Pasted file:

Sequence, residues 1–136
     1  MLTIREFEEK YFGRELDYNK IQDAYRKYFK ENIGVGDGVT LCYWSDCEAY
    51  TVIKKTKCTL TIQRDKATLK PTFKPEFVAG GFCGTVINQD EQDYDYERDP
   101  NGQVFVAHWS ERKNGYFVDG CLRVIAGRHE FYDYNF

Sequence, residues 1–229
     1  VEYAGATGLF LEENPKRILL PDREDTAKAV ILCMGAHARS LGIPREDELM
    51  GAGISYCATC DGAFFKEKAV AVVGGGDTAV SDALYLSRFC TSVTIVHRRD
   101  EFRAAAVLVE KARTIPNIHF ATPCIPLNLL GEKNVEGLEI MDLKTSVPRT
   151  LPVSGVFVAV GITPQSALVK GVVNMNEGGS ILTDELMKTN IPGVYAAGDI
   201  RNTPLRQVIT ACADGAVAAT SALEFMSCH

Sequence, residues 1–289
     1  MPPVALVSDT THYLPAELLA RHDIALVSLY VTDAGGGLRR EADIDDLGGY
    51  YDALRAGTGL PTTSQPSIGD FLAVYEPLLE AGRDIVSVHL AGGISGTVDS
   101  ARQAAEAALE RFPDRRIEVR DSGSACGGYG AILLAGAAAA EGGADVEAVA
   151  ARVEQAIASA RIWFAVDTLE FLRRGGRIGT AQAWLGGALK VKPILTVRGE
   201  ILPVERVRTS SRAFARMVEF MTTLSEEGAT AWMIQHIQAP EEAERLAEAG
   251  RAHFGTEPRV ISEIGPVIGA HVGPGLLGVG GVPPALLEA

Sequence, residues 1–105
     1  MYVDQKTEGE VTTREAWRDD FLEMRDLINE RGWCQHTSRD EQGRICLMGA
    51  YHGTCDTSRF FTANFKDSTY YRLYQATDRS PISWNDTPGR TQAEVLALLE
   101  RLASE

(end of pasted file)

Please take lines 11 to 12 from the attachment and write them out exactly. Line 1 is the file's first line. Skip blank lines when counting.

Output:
Sequence, residues 1–289
     1  MPPVALVSDT THYLPAELLA RHDIALVSLY VTDAGGGLRR EADIDDLGGY